1. It unites us with the Eastern Churches
    2. It indicates that Mass is an independent source of Revelation coming to us from God and is not of human origin.
    3. Most importantly, it is a strong statement that the action of the Mass is God’s own action, not man’s. It is the action of Christ the High Priest, God Incarnate, who acts through God the Holy Spirit, to offer the eternal sacrifice to God The Father. Man can only participate in this Trinitarian mystery, it is not man’s own action.

  2. Kathleen10 says:

    Thank you for this, Fr. Z. This is so true. As a layperson, it has become obvious that whatever VII was intended to be by some, it has helped facilitate a departure from Catholicism as it was practiced and taught for all previous time. We have Protestant relatives, sincere Christians who positively have more devotion to Christ and the Kingdom than most Catholics I know, sad to say. But their worship of Him is incomplete, they do not comprehend the depth and the majesty and the Truth of the Holy Mass, so their spirituality is incomplete. The Holy Mass makes sense, it is the worship of God as God surely intended, a priest being central to that worship, making it possible by the priesthood that God created. This way God can be with us for all time. This is what He created.
    We attend Low Mass weekly, still Mass in the Extraordinary Form, in Latin. How I would like to encourage all to find a similar Holy Mass in their area, even if you must drive. Even if you can only attend once per month, and the other weeks at the best local Novus Ordo Mass you can find. Go. Keep going. We have no hymns, no one sings, a few candles, no organist, no music, two servers, one older, one a boy. And it is bliss. It is calm, peaceful, ancient, amazing, sacred, holy, authentic, and when the priest raises the host, we are at Calvary, for that moment. We are sustained for another week of scandal and a world gone mad. God has not left us, He is right there every week.
    I feed very sad for Catholics who do not avail themselves at this particular time in history of the Latin Rite Mass. We need it, desperately, and God has provided it to get us through this time where the Church and the faith are being hidden from us.
    Above all, do not let the Latin stop you! Get a Missal from about 1962 with Latin on one side and English on the other, say, a St. Joseph’s Missal or St. Andrew’s. There are others. You will quickly pick up what Father is saying and doing, the Missal will walk you through it. Soon the Latin will become familiar and comfortable.

  3. Fr. Kelly says:

    Lurker 59
    I think you missed Fr. Z’s point.
    If we use the term “The Divine Liturgy” when referring to the Mass, then how will we refer to Benediction, Public Celebration of the Divine Office, Public Processions, Celebrations of the Sacraments, etc. These all have an equal claim to that title.

    All squares are rectangles, but not all rectangles are squares.

  4. Suburbanbanshee says:

    The various Eastern rites and separated churches do not all use the same terms for stuff. So why do we think that the Latin/Roman Rite will somehow move toward unity, if we pick one church’s terms over all others, and over our own?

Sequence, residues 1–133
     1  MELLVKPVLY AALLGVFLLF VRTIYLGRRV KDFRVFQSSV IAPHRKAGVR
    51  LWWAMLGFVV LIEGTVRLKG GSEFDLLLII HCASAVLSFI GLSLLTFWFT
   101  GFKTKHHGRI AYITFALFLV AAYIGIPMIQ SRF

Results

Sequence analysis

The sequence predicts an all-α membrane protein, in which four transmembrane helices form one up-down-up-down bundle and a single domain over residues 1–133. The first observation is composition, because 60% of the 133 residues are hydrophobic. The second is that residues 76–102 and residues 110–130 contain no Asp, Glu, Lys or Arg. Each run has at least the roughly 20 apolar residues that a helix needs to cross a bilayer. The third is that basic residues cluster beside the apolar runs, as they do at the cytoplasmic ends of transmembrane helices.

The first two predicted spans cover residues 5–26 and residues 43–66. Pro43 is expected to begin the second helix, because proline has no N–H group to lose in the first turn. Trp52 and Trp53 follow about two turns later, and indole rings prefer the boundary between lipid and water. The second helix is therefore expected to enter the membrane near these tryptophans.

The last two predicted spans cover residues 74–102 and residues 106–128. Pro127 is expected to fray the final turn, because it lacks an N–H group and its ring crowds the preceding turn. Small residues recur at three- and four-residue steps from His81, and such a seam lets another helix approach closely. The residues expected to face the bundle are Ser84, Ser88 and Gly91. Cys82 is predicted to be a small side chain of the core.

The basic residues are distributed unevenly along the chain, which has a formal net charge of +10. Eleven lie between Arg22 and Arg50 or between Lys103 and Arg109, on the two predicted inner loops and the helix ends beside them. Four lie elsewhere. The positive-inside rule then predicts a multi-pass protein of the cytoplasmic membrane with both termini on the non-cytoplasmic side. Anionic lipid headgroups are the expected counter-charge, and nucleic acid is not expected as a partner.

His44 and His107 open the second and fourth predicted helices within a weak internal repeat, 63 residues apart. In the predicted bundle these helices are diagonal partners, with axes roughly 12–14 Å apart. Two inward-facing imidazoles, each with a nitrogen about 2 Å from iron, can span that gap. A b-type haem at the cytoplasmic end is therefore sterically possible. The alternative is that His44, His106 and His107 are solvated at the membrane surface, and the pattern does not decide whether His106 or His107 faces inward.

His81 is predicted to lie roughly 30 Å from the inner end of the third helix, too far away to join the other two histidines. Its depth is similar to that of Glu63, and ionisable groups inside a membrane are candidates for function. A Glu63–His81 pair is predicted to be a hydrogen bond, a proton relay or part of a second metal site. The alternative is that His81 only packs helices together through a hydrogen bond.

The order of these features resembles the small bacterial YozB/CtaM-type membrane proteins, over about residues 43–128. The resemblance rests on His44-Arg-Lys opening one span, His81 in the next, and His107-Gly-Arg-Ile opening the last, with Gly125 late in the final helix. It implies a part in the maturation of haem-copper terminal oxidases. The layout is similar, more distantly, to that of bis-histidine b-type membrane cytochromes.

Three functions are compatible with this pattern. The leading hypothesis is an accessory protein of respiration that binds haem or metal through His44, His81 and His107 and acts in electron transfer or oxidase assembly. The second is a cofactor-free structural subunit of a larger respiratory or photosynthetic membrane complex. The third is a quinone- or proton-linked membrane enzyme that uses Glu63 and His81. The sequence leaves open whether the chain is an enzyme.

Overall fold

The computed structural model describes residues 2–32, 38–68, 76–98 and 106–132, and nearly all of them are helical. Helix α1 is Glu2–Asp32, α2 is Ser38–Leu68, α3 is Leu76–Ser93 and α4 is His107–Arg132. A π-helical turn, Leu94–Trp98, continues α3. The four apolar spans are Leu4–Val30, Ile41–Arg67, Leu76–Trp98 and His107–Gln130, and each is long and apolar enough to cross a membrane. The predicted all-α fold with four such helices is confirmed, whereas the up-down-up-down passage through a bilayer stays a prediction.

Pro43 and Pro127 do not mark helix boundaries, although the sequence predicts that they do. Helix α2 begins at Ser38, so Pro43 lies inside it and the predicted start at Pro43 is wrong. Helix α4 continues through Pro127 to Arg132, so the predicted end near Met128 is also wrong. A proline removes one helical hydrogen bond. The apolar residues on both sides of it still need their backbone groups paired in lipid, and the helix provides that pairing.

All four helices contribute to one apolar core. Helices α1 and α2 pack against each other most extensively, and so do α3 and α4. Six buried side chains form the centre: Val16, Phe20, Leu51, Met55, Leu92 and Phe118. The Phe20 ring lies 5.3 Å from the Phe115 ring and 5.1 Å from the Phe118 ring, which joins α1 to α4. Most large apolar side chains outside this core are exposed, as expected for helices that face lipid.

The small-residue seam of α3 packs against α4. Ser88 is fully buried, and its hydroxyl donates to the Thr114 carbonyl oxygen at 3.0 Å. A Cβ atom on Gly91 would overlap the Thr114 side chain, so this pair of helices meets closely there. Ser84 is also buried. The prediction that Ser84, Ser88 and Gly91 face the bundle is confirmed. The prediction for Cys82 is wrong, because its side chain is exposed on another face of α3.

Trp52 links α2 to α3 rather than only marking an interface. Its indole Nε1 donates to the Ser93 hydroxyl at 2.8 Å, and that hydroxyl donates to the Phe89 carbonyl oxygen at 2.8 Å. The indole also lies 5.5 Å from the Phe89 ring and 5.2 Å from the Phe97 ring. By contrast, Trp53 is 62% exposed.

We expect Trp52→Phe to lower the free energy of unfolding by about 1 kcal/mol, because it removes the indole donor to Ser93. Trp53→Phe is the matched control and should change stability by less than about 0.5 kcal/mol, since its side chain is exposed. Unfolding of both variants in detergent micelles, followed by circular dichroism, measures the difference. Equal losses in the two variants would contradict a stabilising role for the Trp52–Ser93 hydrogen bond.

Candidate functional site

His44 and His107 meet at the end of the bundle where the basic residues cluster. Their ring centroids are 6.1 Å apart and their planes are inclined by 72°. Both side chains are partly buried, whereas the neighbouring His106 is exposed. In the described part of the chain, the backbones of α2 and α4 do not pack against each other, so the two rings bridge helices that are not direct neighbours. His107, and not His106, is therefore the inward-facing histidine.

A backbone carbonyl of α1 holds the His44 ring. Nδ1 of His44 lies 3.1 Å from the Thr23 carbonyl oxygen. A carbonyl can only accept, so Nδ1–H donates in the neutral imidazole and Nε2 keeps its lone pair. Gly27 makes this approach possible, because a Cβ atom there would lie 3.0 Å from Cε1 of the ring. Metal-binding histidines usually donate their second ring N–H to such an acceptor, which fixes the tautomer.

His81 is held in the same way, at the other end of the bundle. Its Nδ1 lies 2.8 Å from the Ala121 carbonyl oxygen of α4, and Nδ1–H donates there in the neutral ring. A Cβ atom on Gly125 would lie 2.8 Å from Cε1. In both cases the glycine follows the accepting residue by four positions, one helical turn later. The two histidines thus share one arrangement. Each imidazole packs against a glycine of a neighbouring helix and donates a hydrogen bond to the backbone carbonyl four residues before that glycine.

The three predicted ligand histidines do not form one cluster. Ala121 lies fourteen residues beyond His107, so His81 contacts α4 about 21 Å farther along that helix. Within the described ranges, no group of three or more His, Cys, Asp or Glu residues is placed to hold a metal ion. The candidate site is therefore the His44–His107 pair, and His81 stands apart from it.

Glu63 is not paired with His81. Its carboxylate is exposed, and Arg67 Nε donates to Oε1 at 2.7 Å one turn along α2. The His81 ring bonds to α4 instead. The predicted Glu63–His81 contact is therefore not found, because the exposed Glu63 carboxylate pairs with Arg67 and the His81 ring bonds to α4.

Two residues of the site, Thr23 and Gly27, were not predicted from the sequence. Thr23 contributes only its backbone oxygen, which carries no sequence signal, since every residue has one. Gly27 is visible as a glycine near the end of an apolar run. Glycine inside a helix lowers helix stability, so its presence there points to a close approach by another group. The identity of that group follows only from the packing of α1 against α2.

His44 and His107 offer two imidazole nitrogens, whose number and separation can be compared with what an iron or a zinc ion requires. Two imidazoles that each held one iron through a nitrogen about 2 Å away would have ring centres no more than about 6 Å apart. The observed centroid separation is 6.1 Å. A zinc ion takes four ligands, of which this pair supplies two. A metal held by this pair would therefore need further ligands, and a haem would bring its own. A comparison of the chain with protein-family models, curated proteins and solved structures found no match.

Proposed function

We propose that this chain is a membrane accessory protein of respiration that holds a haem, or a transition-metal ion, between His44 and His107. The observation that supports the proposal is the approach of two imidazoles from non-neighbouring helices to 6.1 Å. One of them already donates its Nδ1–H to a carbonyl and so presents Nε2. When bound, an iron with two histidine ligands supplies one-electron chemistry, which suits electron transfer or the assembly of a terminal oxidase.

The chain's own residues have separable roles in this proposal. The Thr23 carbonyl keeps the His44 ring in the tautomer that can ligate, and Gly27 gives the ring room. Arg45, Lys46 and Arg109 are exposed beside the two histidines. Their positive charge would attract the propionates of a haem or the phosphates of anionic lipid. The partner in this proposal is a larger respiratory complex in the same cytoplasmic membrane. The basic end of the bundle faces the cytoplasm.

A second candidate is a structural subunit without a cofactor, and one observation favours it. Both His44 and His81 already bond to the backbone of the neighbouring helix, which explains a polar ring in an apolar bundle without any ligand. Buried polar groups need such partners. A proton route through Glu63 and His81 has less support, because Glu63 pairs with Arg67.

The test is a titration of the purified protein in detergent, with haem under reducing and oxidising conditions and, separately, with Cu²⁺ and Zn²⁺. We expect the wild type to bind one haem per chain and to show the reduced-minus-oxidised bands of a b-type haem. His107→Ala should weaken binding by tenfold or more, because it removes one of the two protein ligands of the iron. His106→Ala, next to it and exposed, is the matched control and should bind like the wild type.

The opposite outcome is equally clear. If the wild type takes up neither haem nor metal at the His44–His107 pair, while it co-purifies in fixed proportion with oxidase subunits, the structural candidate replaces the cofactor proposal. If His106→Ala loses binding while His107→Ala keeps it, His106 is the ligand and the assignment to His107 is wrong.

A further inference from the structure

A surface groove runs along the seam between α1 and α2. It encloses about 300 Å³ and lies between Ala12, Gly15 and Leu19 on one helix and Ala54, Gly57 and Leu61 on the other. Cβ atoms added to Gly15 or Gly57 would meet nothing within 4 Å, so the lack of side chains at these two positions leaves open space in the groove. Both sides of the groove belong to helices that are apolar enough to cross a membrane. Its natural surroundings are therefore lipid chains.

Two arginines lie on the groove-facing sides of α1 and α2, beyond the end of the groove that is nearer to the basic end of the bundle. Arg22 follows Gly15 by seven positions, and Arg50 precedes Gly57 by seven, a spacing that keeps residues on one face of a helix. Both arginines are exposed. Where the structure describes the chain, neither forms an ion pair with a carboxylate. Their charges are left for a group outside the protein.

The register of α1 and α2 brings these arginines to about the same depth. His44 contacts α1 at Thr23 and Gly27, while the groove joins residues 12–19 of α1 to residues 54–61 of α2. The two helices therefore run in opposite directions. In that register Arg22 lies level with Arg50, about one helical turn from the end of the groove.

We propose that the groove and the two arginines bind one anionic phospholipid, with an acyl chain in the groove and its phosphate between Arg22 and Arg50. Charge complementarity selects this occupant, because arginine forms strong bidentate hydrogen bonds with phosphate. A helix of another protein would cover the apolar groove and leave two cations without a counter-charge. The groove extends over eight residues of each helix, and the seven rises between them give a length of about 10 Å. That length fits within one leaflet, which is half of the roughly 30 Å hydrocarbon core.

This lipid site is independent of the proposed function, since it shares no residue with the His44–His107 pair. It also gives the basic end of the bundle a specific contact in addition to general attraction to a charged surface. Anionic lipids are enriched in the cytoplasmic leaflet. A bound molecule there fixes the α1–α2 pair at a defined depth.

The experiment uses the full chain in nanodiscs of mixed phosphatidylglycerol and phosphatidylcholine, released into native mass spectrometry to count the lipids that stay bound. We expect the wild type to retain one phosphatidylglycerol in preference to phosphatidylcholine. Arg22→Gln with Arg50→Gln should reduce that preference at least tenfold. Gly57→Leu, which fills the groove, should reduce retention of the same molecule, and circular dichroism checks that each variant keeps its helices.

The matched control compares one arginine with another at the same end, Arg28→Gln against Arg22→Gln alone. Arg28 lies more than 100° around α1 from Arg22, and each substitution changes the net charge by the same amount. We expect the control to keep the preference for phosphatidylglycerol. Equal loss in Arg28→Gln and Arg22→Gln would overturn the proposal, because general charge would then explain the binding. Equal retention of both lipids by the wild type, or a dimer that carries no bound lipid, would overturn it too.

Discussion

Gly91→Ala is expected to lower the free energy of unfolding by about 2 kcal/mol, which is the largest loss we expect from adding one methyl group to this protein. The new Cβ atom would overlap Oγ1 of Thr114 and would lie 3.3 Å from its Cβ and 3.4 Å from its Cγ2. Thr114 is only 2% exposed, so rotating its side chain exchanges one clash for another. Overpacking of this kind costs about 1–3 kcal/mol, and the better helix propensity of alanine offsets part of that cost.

Sigh. We do not impress the various churches and Rites with our respect for the dignity of all separate rites and traditions, by attempting to mash everything into a mushy bunch of yuck.

    And it’s not particularly unity-inducing for us, either, to find out that X weird abuse or Y strange new custom is supposedly “Eastern.” (Especially since it’s usually a terrible, horrible misrepresentation of the customs in question.)j

    So yes, “Theia Leitourgia” is a beautiful name for the Mass. But “Missa” is also a beautiful name for the Mass.

  5. Ms. M-S says:

    I really do wish I could be as certain as the earliest Christians that the Lord would make His appearance in the near future, but indications are that there’s an either temporary or final time of trial to be lived through, well under way. One of the best things a Catholic (as opposed to a Reformed Catholic) can do is make every effort to preserve the Traditional Latin Mass of the ages. Even if you have to drive long distances, even if there are only a few people in the congregation, it’s one of the single most important things you can do to attend the TLM, support it however you can, and train your children in participating in the rite. As the husband of a pair who have gotten a TLM once a month in a parish said yesterday to the ten of us who’d gathered for it, “We’re keeping it going here until it comes back everywhere.” Amen!

  6. Semper Gumby says:

    Fr. Rutler wrote: “While other generations have known philosophical and physical conflicts, ours is conspicuous for an evaporation of moral certitudes by which good and bad are judged.”

    That evaporation is often welcomed with glee these days, such as last month when the Party of Death clapped and cheered for more baby killing in New York.

    That evaporation also produces a remarkably narcissistic and shallow perspective on life, as illustrated by a 2011 article in Huffington Post by Phil Zuckerman, Professor of Sociology and Secular Studies in California: